Motivations and Limits for COVID-19 Policy Compliance in Germany and Switzerland

Document Type : Original Article

Authors

1 Institute of History and Ethics in Medicine, Technical University of Munich, Munich, Germany

2 Institute for Biomedical Ethics, University of Basel, Basel, Switzerland

Abstract

Background 
In contrast to neighboring countries, German and Swiss authorities refrained from general curfews during the first pandemic wave in spring 2020, calling for solidarity and personal responsibility instead. Using a qualitative methodology, this study aims to explore why people in Germany and Switzerland were motivated to comply with policy measures during the first wave of the coronavirus disease 2019 (COVID-19) pandemic, and what factors hindered or limited their motivation. While quantitative surveys can measure the level of compliance, or broadly ask what motives people had for compliance, we here strive to explain why and how these motives lead to compliance.
 
Methods 
This publication has been made possible by the joint work of the members of the “Solidarity in times of pandemics” (SolPan) research commons. Seventy-seven semi- structured qualitative interviews were conducted with members of the general public in Germany (n = 46) and the German-speaking part of Switzerland (n = 31) in April 2020. Interviews were transcribed and analyzed following a grounded theory approach.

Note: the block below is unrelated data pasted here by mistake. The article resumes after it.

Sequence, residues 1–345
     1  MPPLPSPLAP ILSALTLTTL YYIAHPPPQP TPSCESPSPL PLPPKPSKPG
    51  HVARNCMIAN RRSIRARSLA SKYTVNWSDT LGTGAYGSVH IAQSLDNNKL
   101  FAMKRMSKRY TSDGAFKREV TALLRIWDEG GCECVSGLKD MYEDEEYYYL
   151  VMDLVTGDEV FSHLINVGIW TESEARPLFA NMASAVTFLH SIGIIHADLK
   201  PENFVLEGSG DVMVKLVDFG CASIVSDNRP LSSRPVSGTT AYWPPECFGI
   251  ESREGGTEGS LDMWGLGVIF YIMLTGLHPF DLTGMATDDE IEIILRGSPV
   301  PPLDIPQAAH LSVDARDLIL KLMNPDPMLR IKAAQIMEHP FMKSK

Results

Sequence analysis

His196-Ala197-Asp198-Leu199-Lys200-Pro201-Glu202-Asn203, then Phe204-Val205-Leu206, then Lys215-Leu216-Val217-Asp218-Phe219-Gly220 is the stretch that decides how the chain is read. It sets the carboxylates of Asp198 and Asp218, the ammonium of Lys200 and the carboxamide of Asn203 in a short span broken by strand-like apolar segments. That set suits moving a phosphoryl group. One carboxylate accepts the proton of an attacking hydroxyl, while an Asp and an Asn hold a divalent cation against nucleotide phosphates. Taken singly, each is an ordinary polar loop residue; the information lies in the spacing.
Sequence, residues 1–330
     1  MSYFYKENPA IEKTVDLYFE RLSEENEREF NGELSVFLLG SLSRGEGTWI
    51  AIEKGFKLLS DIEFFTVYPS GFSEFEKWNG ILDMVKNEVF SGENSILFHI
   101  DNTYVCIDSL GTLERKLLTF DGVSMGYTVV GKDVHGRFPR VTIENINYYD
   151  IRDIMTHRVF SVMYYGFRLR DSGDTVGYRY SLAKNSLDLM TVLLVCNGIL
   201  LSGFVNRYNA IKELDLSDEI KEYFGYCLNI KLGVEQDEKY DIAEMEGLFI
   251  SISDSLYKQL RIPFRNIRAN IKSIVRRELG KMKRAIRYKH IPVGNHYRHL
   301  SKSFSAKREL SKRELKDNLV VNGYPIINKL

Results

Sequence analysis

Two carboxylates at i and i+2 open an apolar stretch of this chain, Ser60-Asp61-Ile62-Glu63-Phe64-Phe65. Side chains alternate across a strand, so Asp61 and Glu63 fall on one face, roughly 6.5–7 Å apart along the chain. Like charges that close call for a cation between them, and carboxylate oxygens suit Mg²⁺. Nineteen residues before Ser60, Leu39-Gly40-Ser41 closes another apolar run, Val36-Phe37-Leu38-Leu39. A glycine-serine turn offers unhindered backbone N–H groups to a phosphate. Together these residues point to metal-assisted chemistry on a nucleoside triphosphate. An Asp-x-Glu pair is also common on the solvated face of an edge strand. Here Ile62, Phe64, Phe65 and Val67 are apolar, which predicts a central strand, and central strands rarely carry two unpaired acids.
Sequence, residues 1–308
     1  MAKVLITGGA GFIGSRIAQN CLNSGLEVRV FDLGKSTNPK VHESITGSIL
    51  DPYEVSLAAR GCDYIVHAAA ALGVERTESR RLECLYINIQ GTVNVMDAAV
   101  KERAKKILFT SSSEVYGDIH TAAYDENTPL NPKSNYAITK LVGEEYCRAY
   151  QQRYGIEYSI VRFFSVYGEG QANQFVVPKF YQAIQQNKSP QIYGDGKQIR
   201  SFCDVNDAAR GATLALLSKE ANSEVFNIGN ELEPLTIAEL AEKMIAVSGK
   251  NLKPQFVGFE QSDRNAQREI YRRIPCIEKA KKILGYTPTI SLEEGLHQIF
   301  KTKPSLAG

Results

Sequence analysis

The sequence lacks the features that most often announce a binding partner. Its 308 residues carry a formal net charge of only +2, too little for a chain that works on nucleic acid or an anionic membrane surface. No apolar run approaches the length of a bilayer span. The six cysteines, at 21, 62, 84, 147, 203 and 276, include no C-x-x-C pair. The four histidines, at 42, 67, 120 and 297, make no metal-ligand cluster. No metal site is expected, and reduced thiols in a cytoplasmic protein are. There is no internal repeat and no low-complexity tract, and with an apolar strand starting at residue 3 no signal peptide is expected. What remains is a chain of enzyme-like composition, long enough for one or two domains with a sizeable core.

Results 
Three themes were identified that summarize factors contributing to compliant or noncompliant behavior. (1) Social cohesion was, on the one hand, an important motivator for compliance, but at the same time related to conflicting needs, illustrating the limits of compliance. (2) Consequences were considered on both the individual level (eg, consequences of individual infection) and societal level (eg, the societal and economic consequences of restrictions). (3) While for some participants following the rules was perceived as a matter of principle, others stressed the importance of making their own risk assessment, which was often associated with with a need for evidence on the effectiveness and reasons behind measures.
 
Conclusion 
A variety of motives contribute to COVID-19 related compliance. Authorities should seek to address these multi-faceted aspects to support motivation for compliance in a large proportion of the population.

Keywords

Main Subjects


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